This would require our Evangelism to be stocked with another arrow in our quiver. While we would retain the arrow that presses the propositional nature of truth that thinkers could engage and so be converted via the Holy Spirit’s awakening of their intellect via direct challenge, we could add the arrow that creates a beautiful living context that people would be invited to so that they might be genuinely converted via the Holy Spirit’s awakening of their intellect via an indirect challenge. An indirect challenge that invites them to exchange the storyline they are living in from a culture of death to a very different storyline where they can find a culture of life. This is, it seems to me, a covenantal approach to evangelism, if only because what people are being asked to do is not to individually arrive at the truth, but rather to experience, in a covenantal context, the goodness and the beauty of the Christian life. To pick up the metaphor that we used earlier, we would ask them to quit being pirates and come into a different story line that is more appealing. (“Just imagine…no more swabbing the deck, no more being hung from the highest yardarm or walking the plank or being keelhauled, or having parrot poop on your shoulder.”) We would quit expecting people to embrace a naked, solely intellectually driven Christianity, and offer to them a Christianity that doesn’t demand every single individual to understand all the propositions of Scripture but does provide a story line that implicitly contains all the propositions of Scripture as the scenery against which they can understand their living.
This would require the Church to start (it’s already happening in some places) to build alternate communities. These Christian faith communities would be parallel but not isolated communities. They would be parallel enough to provide a contrast to the life of non-Christian communities but not so isolated that those living in faith community would cease being salt and light to the larger community.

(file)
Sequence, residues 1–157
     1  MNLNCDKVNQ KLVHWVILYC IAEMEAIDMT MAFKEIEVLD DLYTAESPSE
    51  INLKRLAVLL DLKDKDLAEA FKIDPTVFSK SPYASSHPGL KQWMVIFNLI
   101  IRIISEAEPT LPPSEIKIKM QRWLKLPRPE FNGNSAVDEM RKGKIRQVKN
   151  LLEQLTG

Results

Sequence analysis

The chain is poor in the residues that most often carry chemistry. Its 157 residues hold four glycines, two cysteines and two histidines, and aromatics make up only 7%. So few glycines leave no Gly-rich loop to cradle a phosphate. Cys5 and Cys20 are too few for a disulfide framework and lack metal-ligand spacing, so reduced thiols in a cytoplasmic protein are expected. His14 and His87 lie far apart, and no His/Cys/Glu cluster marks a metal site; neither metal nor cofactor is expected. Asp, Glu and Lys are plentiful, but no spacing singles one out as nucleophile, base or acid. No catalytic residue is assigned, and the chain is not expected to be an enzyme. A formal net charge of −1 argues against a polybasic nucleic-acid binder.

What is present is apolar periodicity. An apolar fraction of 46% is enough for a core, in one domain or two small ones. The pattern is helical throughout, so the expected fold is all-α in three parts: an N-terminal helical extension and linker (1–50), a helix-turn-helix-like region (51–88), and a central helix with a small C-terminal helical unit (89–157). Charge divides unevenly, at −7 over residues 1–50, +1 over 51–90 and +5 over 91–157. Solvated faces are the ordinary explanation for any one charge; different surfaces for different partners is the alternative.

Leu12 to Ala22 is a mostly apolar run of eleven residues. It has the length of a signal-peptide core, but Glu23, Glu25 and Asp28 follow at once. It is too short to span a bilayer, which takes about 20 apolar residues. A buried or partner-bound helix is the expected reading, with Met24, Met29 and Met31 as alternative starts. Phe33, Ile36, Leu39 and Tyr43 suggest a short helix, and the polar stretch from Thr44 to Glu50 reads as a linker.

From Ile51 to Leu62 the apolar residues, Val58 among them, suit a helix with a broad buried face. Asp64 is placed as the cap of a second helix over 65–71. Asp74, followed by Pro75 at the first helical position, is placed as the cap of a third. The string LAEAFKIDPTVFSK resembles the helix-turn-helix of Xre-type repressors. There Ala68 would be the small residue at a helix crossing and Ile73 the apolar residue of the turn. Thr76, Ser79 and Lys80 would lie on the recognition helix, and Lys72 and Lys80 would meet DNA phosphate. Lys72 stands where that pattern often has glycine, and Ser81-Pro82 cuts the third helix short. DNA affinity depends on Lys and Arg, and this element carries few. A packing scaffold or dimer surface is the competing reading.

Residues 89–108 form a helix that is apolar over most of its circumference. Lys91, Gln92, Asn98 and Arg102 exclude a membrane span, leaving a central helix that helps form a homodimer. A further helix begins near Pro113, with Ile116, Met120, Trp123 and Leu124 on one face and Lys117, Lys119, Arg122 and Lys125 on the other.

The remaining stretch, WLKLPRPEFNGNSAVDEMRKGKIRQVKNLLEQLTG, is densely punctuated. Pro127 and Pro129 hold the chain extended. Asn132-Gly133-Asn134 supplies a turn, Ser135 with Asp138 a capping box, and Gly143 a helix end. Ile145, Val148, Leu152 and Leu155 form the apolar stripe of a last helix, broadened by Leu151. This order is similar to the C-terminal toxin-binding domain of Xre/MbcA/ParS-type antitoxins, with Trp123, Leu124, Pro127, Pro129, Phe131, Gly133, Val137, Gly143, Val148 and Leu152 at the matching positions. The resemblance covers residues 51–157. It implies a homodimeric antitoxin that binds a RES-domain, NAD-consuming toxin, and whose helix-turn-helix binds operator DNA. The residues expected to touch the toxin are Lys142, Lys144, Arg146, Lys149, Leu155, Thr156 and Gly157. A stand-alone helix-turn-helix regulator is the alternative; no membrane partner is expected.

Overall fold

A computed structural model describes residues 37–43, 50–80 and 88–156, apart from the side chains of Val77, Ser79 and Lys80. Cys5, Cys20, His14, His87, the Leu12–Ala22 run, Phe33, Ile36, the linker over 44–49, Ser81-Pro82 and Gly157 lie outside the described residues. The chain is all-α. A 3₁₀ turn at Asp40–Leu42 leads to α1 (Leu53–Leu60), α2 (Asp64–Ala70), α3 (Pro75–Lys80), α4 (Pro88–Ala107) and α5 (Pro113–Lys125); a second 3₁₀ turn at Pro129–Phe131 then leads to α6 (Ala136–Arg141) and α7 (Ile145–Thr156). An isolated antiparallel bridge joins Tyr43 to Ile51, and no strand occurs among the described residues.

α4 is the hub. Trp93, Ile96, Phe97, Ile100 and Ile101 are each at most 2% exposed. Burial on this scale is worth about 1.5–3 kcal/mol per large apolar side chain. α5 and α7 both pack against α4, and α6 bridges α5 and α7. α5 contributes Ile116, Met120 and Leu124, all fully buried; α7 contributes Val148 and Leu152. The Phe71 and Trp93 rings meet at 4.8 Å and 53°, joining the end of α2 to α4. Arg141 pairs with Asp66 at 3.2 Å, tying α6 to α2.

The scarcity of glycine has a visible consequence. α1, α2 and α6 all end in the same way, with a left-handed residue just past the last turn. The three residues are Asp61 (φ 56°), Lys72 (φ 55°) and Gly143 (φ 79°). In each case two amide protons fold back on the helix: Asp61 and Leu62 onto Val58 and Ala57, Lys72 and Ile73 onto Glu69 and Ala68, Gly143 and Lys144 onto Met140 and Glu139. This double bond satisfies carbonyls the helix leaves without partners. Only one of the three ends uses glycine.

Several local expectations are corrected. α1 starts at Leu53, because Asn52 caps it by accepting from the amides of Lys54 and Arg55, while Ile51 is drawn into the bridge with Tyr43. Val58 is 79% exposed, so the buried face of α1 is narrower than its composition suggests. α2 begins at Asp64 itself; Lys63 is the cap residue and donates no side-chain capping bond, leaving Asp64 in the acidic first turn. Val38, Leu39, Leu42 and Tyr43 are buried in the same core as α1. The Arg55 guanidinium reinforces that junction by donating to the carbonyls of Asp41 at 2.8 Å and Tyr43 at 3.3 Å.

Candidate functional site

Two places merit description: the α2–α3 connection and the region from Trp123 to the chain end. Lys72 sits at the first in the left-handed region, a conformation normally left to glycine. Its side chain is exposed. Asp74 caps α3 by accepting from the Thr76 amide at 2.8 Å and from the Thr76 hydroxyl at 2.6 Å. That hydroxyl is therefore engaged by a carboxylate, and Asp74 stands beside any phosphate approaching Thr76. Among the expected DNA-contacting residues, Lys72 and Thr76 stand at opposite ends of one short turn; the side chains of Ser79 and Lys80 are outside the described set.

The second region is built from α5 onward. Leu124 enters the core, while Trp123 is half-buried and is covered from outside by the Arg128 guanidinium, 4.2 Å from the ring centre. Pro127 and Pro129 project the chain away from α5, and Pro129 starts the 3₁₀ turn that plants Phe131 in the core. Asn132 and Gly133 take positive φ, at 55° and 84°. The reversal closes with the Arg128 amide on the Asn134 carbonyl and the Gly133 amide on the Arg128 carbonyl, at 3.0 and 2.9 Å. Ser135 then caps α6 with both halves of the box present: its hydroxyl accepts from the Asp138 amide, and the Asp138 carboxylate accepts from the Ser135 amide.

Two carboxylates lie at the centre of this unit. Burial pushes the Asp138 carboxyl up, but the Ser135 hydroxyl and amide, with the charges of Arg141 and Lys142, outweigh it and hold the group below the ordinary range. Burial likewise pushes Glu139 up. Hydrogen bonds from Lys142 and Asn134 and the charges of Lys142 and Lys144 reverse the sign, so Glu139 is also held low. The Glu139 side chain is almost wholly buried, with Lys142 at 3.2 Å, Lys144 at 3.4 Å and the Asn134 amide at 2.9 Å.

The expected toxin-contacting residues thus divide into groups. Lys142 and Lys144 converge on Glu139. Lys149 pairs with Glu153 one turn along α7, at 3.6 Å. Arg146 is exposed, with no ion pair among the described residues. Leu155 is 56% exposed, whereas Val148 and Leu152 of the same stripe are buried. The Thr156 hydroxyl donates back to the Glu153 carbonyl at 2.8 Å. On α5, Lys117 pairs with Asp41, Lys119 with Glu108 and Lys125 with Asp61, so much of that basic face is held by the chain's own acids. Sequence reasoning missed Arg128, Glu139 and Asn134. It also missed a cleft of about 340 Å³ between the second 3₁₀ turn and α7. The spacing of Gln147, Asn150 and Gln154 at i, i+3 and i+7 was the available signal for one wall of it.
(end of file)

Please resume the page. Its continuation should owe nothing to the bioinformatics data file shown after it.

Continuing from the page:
Failing this approach, but still harmonious with the thrust is the suggestion that perhaps our Evangelism needs to be done in this culture by means of writing good stories. Once again, the foundation of the thinking is that people, being chameleons, are more prone to draw meaning out of a good story about the true and the beautiful quite apart from holding direct conversation with themselves about what is true. In an non-intellectual age perhaps giving people the means by which they can be drawn into a narrative they find appealing, even if they can’t articulate why, is a way of doing sound evangelism.
The common strand here is the idea that most people don’t live the life they live because they have sat down and had a conversation with themselves about what is true. Most people don’t build their worldview houses with propositional sticks and stones but rather move into houses that they think look nice that other people have built before them. Now the houses they move into do indeed have a propositional structure but that is not what they are seeing when they move into them. Rather what they see is that the worldview house they are moving into fits the context of the storyline they are living. Change the storyline and they will want different houses, perhaps not even knowing why.
Nobody is advocating dispensing with individual evangelism that focuses on the propositional nature of truth. That still needs to be done because people who convert in that kind of context are the people who can help build the proper cultural storyline. What is being advocated is embracing, for those who are not thinkers (and legion is their name) a way to offer Christ that still includes all the propositions of Scripture but serves them up in a embodied context.